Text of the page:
After two victories from their opening six games it looked as if Dundee United fans were in for a long wait for their club to rejoin the elite of Scottish football following last season’s ignominious relegation.
Even when Ray McKinnon’s men faced Hibernian on week eight, despite the 1-1 draw there appeared such a gulf between the sides in the first half that nobody really took the possibility of a United title challenge seriously, least of all the Tannadice faithful who’ve been through the ringer during the last 16 months.
And yet, just over six weeks later, United sit just a point behind their Easter Road rivals at summit of the Ladbrokes Championship and currently hold a seven-game winning streak. The two sides are due to meet each other at the beginning of December in what’s sure to be a tantalising match on Friday night football.
So how did United go from such a stuttering start to undoubted title contenders?
The formation of a cohesive back four
Dundee United’s back-line was horrendously error-prone last season. It was so bad that Gavin Gunning, a player who picked up the ball mid-game and walked out of the club, wasn’t even the worst offender in the unit. To begin this season, they recorded only two clean sheets in their first 15 games. They’ve since tallied five in their last seven.
The team have responded surprisingly well to the blow of losing Lewis Toshney, injured during the draw at Easter Road, with Mark Durnan forming a solid partnership alongside summer signing William Edjenguélé (or “Edge” as fans tend to call him).
There was so much chopping and changing of the unit last term, and even the opening months of this season, which is rarely conducive to a watertight back-line. United finally have cohesion and it’ll be interesting to see whether Toshney comes right back into the starting XI. He played in the recent win over Dunfermline, though several notable first-team members were rested for the Irn-Bru Cup clash.
Organisation throughout the side
It’s not just in defence where there’s been a marked improvement from last season. At best, the Tannadice squad could be described as a soft touch. At worst, a disorganised rabble. It didn’t look much better at the beginning of this campaign, but with time McKinnon has managed to whip them into shape and added some much needed structure. They rarely stray from their 4-2-3-1 system, which keeps them solid defensively while building a platform for their short, possession-based attack. Edjenguélé and Cammy Bell have emerged as leaders of the side and their influence has been rubbing off on some of the younger talents.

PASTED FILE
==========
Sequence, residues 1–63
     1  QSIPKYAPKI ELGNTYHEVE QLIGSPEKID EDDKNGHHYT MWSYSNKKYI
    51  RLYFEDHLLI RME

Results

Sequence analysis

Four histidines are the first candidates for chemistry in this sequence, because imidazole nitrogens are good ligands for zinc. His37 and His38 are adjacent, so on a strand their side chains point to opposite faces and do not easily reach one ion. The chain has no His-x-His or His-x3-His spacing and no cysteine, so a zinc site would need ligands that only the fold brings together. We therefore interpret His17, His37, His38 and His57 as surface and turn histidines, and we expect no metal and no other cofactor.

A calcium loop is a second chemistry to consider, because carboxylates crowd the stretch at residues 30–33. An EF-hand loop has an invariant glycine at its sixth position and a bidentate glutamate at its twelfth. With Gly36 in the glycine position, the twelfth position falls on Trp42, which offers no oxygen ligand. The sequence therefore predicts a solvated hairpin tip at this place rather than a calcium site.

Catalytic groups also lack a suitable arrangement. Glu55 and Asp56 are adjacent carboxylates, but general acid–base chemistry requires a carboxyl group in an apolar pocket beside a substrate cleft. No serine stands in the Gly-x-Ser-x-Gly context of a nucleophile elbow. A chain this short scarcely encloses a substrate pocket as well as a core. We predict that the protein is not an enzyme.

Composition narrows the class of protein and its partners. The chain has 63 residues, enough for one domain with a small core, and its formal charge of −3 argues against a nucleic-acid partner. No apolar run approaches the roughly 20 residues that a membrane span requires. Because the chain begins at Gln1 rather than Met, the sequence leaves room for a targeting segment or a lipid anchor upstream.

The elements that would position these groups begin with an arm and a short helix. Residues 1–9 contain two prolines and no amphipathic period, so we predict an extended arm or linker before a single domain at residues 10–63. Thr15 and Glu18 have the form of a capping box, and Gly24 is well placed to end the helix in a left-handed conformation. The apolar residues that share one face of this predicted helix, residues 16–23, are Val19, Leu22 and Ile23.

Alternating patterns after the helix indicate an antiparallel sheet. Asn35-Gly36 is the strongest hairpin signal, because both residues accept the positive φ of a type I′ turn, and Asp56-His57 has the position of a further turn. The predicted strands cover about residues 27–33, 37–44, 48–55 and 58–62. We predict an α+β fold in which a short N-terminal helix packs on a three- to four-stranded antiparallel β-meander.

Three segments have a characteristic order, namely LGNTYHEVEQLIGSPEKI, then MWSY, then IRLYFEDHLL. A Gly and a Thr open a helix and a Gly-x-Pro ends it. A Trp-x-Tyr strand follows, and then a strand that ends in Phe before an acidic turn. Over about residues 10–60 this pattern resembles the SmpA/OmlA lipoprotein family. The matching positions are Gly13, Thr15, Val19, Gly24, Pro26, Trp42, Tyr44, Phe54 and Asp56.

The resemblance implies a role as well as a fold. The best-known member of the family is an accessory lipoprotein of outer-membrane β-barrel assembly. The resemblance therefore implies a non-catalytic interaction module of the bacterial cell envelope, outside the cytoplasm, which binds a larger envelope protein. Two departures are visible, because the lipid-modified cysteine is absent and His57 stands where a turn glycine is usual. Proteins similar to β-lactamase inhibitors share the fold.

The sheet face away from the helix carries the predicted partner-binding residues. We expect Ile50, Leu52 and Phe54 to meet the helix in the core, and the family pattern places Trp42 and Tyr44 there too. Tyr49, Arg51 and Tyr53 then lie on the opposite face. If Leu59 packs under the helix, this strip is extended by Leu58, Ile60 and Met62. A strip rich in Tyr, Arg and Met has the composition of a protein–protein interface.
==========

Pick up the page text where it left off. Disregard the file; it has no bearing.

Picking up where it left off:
Improvement of under-performers
If asked in May “who would you happily drive to their next club?” your average Dundee United could produce a list as long as your arm. Among the chief perpetrators were Mark Durnan, Scott Fraser and Charlie Telfer. All three were kept on for this season and all three have justified the faith shown in them by the club.
Durnan, in particular, has been completely unrecognisable over the past few weeks. Where as last term he would think too much about things, often allowing the ball to drop when he shouldn’t, or taking it for a walk out of defence when it was ill-advised, now he’s keeping things simple and concentrating on being a no-nonsense defender first and foremost. The subsequent rise in confidence has enabled him to look more comfortable with the ball at his feet, as evidenced by his terrific run which started the move he himself finished in the 1-0 win over Falkirk.
As for Fraser and Telfer, where last season they were shrinking amid the cloud of negativity, they’re now revelling in the feel good factor playing on a successful side. Fraser, guilty of hiding before, now uses his skill and passing ability to help United dominant games, while Telfer finally appears to have found his role as a neat-and-tidy player alongside Willo Flood at the base of the midfield. The boo boys just don’t know what to do with themselves.
So many players were discarded at the end of last season. Therefore, in able to challenge at the first time of asking, McKinnon needed to get it right in the transfer market. Adding nine new players in such a short space of time is usually risky business, but they’ve all contributed to the squad. In addition to those mentioned, there’s been Stewart Murdoch, who helped tighten up the midfield before his injury, Dutch duo Frank van der Struijk and Nick van der Velden, and attackers Tobe Obadeyi and Cammy Smith. It’s given United great strength in depth at every position - except, perhaps, the most important one.
Greater discipline and organisation are all well and good, but to win a title you need to have real quality in the final third. At present, Andreu is providing such input, with an incredible eight goals from 11 games since joining on a year-long loan from Norwich. The former Hamilton midfielder and £1million-man is just too good for the Ladbrokes Championship level and United pulled off quite the coup by tempting him to return north.
There remains a worry that United rely too much on the playmaker and if he sustained the sort of long-term injury which befell Murdoch or Toshney, they may struggle to penetrate stuffy opponents. He’s even spent time playing centre forward this season as United lack an out-and-out front man behind Simon Murray.
As much as the former Arbroath hitman runs his heart out and provides a presence in attack, there remains a doubt whether he’s the man to fire them out of the second tier. Four goals from 12 games isn’t a bad return, but if they’re to match the firepower of Hibs, it’s felt a new striker must be recruited in January if United are to go beyond merely providing a challenge and actually win the Ladbrokes Championship crown.
• Thanks to Stuart Milne and Derek Keilloh for their help with researching for this article.